The PCRA appellate court relied upon a lack of prejudice in dismissing Rolan's state post-conviction claim of ineffective assistance. The court found that Rolan was not prejudiced because he could not establish that Vargas was willing to testify on his behalf at trial. Moreover, it found that Rolan was not prejudiced by the failure of Goldstein to call Aponte because “Aponte's testimony was not relevant” to Rolan's self-defense claim.
As discussed above, the PCRA appellate court's finding that Vargas was not willing to testify at trial is not supported by the record and is in contradiction to Vargas's affidavit. Had Goldstein called Vargas to testify at trial, Vargas stated he would have given the testimony on behalf of Rolan that he did before the PCRA trial court: There was a dispute over drug money between Aponte, Rolan, and the Santiago brothers; in the course of the dispute, Rolan followed Francisco into the abandoned building; Rolan was carrying only a quart of beer; Paulino came around the corner wielding a kitchen knife and ran up the steps of the abandoned building after Rolan, screaming “I'm going to kill you, motherfucker!”; Vargas then heard a shot and when he and Aponte entered the building they saw Paulino lying alone on the ground with a knife at his feet.
Vargas's testimony would have bolstered Rolan's affirmative defense and undermined the prosecution's claims of a pre-meditated murder during a robbery. As the District Court noted, “[t]hese facts were crucial to refute the prosecution's theory that Rolan entered the house intending to kill Paulino during the commission of a robbery.”
Vargas's testimony also shows the relevance of Aponte's testimony, had he been called by Goldstein. We do not and cannot know what Aponte would have stated had he lived to testify before a habeas court; his statement to the detective is not admissible itself as double hearsay. See Fed.R.Evid. 805. Nonetheless, we note that Aponte's statement to the police bolsters Vargas's testimony to the PCRA trial court and indicates that Aponte believed that Paulino Santiago was armed with a knife and that Paulino attempted to assault Rolan. Had Aponte testified to this, it would have conformed with Vargas' testimony and supported Rolan's self-defense claim as well as undermined the prosecution's theory of the case.
Vargas's testimony alone, much less in conjunction with Aponte's, would have substantiated Rolan's self-defense claim and undermined the Commonwealth's witnesses. Goldstein's failure to investigate Vargas and Aponte as witnesses precluded him from calling them to testify, and thus prejudiced Rolan because the jury never heard evidence that supported this alternative account of the killing. While we marvel at Rolan's serendipitous rifle, we note that there were significant contradictions among the Commonwealth's witnesses. We believe that Rolan's conviction was only “weakly supported by the record” and that the testimony of Vargas (and Aponte) is “sufficient to undermine confidence in the outcome.” Gray, 878 F.2d at 710-11, 712. Therefore, it is manifest that the Superior Court's decision was based on an unreasonable determination of the facts in light of the evidence presented in the PCRA trial court proceeding. 28 U.S.C. § 2254(d)(2).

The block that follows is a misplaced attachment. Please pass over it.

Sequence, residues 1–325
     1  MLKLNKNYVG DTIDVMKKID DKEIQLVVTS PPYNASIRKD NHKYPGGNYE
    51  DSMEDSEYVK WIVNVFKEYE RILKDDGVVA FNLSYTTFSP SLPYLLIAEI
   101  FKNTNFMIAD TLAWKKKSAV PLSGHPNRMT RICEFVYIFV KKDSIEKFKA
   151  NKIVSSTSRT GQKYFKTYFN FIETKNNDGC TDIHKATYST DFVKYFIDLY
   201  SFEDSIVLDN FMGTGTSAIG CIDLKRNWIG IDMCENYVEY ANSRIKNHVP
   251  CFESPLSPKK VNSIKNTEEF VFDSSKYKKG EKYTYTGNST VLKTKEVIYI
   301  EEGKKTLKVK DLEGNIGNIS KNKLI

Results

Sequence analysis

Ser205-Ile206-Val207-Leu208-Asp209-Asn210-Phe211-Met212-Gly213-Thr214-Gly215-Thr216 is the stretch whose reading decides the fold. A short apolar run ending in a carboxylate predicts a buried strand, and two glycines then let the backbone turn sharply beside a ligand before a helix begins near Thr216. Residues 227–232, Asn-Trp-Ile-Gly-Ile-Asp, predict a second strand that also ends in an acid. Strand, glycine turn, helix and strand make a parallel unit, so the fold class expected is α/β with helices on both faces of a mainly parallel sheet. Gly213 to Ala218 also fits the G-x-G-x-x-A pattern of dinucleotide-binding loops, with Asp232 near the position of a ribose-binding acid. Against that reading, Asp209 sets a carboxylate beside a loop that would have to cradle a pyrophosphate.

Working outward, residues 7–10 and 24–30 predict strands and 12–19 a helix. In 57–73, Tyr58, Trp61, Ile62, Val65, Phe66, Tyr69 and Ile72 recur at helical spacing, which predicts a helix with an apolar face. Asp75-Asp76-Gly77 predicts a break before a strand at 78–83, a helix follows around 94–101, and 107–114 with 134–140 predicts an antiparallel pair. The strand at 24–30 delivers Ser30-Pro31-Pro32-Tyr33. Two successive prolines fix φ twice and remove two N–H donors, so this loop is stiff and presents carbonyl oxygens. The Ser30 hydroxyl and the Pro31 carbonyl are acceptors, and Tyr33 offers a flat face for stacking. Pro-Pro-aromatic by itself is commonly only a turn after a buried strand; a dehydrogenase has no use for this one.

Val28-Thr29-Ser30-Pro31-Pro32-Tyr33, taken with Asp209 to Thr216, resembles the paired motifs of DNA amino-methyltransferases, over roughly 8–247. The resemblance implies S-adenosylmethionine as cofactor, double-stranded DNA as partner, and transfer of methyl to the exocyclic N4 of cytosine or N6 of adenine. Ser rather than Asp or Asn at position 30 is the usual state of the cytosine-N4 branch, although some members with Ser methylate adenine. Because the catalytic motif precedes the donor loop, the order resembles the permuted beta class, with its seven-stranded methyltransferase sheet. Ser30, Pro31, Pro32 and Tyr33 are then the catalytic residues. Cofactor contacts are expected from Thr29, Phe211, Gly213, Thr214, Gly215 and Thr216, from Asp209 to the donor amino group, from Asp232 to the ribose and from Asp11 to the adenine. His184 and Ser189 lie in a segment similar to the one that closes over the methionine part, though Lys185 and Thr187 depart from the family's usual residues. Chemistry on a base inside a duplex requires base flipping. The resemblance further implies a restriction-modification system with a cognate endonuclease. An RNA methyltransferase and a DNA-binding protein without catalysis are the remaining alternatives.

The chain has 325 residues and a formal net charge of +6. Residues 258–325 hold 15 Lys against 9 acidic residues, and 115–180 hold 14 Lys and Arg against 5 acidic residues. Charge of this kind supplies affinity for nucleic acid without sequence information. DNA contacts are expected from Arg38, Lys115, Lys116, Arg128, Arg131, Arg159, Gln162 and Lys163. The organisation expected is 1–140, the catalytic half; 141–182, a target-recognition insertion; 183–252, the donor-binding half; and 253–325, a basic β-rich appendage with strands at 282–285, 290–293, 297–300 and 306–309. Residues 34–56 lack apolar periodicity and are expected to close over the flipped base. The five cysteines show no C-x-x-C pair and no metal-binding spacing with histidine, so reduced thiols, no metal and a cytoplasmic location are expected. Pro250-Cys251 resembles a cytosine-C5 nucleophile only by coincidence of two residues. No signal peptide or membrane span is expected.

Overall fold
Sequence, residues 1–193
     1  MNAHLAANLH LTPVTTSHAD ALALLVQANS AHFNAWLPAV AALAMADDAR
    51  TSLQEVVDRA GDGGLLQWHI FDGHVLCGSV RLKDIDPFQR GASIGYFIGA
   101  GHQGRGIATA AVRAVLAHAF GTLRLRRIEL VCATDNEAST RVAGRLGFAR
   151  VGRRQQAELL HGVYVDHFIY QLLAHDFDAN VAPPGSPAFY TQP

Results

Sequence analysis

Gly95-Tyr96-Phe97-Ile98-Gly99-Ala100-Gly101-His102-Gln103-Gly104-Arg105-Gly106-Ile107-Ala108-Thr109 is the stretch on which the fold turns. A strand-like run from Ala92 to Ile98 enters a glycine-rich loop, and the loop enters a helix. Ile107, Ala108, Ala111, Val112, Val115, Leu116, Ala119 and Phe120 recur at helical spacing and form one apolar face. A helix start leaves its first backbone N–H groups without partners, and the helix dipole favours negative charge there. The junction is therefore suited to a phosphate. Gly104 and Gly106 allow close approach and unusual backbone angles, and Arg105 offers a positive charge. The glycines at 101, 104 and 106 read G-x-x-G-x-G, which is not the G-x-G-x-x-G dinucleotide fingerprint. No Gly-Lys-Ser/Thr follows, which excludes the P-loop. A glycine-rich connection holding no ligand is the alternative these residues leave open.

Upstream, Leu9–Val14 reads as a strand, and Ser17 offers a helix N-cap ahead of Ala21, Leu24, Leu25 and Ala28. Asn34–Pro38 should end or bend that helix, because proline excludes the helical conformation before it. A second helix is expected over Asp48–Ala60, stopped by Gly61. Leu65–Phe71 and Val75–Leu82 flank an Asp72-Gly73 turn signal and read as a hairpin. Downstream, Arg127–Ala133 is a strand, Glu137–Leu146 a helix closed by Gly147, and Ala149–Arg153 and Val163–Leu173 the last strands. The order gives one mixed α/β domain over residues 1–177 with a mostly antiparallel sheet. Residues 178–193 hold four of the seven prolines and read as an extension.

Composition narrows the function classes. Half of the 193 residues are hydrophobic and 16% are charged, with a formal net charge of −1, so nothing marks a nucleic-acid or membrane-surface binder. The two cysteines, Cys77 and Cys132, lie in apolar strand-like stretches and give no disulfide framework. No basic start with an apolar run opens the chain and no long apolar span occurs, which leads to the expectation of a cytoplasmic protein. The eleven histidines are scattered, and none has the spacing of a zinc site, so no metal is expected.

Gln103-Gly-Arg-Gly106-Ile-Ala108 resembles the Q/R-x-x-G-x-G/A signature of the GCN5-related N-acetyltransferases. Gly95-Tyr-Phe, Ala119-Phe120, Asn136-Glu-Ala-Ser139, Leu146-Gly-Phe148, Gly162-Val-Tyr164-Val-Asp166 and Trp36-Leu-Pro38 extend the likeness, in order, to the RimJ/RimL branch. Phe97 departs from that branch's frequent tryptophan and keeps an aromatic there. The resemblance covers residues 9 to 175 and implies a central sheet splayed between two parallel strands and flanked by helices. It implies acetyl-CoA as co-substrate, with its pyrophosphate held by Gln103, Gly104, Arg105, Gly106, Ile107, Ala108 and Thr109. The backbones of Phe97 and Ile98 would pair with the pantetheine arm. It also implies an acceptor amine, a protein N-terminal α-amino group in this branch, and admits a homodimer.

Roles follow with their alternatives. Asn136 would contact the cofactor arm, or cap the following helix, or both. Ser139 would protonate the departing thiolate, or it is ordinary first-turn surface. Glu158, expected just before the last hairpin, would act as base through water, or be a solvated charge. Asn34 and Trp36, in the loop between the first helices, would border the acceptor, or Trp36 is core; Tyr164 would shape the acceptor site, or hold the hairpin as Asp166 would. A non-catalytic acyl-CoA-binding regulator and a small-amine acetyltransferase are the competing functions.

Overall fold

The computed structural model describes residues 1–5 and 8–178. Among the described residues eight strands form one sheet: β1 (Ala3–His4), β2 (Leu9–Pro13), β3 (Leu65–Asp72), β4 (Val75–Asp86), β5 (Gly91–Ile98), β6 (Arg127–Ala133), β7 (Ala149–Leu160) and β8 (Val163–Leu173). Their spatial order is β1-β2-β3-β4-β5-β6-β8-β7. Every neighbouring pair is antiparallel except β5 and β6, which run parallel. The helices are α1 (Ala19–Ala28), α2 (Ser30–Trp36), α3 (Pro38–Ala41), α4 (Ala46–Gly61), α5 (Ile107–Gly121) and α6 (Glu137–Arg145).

Because we conclude that the Superior Court's findings of fact on Vargas's unwillingness to testify were unreasonable and that, when looked at under the Strickland standard, Rolan's attorney's failure to investigate self-defense witnesses fell below an objective standard of reasonableness, and that there is a reasonable probability that but for that failure the result would have been different, we will affirm the grant of the writ of habeas corpus by the District Court.
1. Rolan asserts that this establishes that Aponte believed Paulino Santiago was armed with a knife at the time of his death; thus, Aponte's statement bolstered Rolan's claim that Paulino Santiago charged him with a knife.
2. Francisco had told investigators at the crime scene that he had no first-hand knowledge of the events surrounding the death of Paulino. Rolan complains that Goldstein failed to investigate this inconsistency or to cross-examine Francisco on it at trial.
3. 28 U.S.C. § 2254(e)(2) provides:If the applicant has failed to develop the factual basis of a claim in State court proceedings, the court shall not hold an evidentiary hearing on the claim unless the applicant shows that-(A) the claim relies on-(i) a new rule of constitutional law, made retroactive to cases on collateral review by the Supreme Court, that was previously unavailable; or(ii) a factual predicate that could not have been previously discovered through the exercise of due diligence; and(B) the facts underlying the claim would be sufficient to establish by clear and convincing evidence that but for constitutional error, no reasonable fact-finder would have found the applicant guilty of the underlying offense.See also Lambert v. Blackwell, 387 F.3d 210, 234-36 (3d Cir.2004).
ROTH, Circuit Judge.